Just because something can be done doesn’t mean that it should be done. As yet another exercise in redundancy, Hollywood filmmakers have reappropriated a classic animated property and remade it using a combination of live action and computer-generated effects, resulting in the tepid rehash that is Rupert Sanders’ 2017 take on the classic manga, anime and video game franchise conceived by Masamune Shirow, Ghost in the Shell. What was once a revelatory cyberpunk recontextualization of the classic Theseus’ ship paradox has become a morbid flight of action-film fantasy, stripped of the philosophical profundity that characterised its source material and functioning as little more than another entry in the bloated cinematic pantheon of warmed-over superhero stories.
It’s worth pointing out here that the manga The Ghost in the Shell bore little resemblance to any superhero property extant at the time of its creation. Yes, it originated as a work of sequential art, which to many contemporary Western minds can scarcely consist of anything more than guys in spandex punching things, but Shirow’s story held a much deeper significance than its sci-fi genre trappings would suggest. When translated to the screen in its first anime iteration (though far from its last) by Mamoru Oshii, the underlying meaning was preserved and expanded, leading to a character that would provide the gateway into anime for countless Americans and heavily influencing Western films such as The Matrix.
The focus of the story in all of its forms has always been Major Motoko Kusanagi, an anti-terrorism paramilitary operator whose brain has been placed inside an entirely cybernetic body. Here, the Major is portrayed with admirable athleticism by Scarlett Johansson, but her robotic delivery is too on-the-nose to serve the character’s principal internal conflict. Traditionally, the story’s premise has been used to explore the meaning of humanity when little else of the human remains beyond the mind and soul, and by robbing the character of that subtle semblance of humanity, Sanders and Johansson have missed the point entirely. Sanders replaces the source material’s existential bent with a less inventive fixation on stereotypical sci-fi action tropes that squander the nuanced intricacies of character shading that made the 1995 anime an instant classic. It’s as though the filmmakers completely misinterpreted the appeal of their source material, and while this may not be overly surprising, it is profoundly disappointing.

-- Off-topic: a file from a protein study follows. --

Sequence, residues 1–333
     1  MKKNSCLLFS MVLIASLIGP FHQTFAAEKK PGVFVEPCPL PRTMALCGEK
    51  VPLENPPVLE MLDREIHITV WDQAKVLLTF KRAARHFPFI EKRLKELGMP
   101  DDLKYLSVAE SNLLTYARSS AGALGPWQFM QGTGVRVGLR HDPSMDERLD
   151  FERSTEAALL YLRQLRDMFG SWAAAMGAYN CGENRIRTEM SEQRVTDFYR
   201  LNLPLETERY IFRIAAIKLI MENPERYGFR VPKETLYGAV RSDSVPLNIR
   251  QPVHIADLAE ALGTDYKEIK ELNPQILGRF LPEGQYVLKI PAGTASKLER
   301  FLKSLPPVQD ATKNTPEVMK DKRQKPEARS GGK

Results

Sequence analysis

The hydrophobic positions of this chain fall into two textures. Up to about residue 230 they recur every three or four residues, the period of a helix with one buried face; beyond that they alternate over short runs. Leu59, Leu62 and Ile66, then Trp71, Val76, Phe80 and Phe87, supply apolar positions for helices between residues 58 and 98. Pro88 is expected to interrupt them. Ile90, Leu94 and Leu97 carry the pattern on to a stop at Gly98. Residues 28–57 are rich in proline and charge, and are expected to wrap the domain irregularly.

While Sanders’ film is visually stunning (especially in 3-D), it lacks the textural grime that distinguished Oshii’s film. While the original was aesthetically indebted to Blade Runner, Sanders’ work is more akin to The Fifth Element — and even those willing to forgive that film’s myriad flaws will see that this Ghost suffers by comparison. Sanders and screenwriters Jaimie Moss and William Wheeler have cobbled together bits and pieces of the franchise’s various media properties, taking ideas and characters that may or may not have had any relevance to the story they’re trying to tell and inserting them in the hopes of providing a sense of depth that their film clearly lacks. Much of the film plays as if Sanders is trying desperately to convince the audience he’s a fan of the property while evidently failing to grasp the narrative beats that needed to be established in order to effectively re-create the emotional resonance of his inspiration.
The uproar surrounding Johansson’s casting as an Asian character proves legitimate in practice, but the film makes matters far worse than I could have anticipated — the movie awkwardly shoehorns in a plot point that addresses the issue for one whitewashed character, but none of the others. Sanders et. al. have stripped away the story’s heart — along with much of the sex and violence that so many 12-year-olds (myself included) found so compelling when they discovered Oshii’s work for the first time on home video — and by curtailing the narrative’s more thought-provoking aspects, they’ve delivered a film that is all form and no function. Rated PG-13 for intense sequences of sci-fi violence, suggestive content and some disturbing images. Now Playing at Carolina Cinemark, Regal Biltmore Grande, Epic of Hendersonville.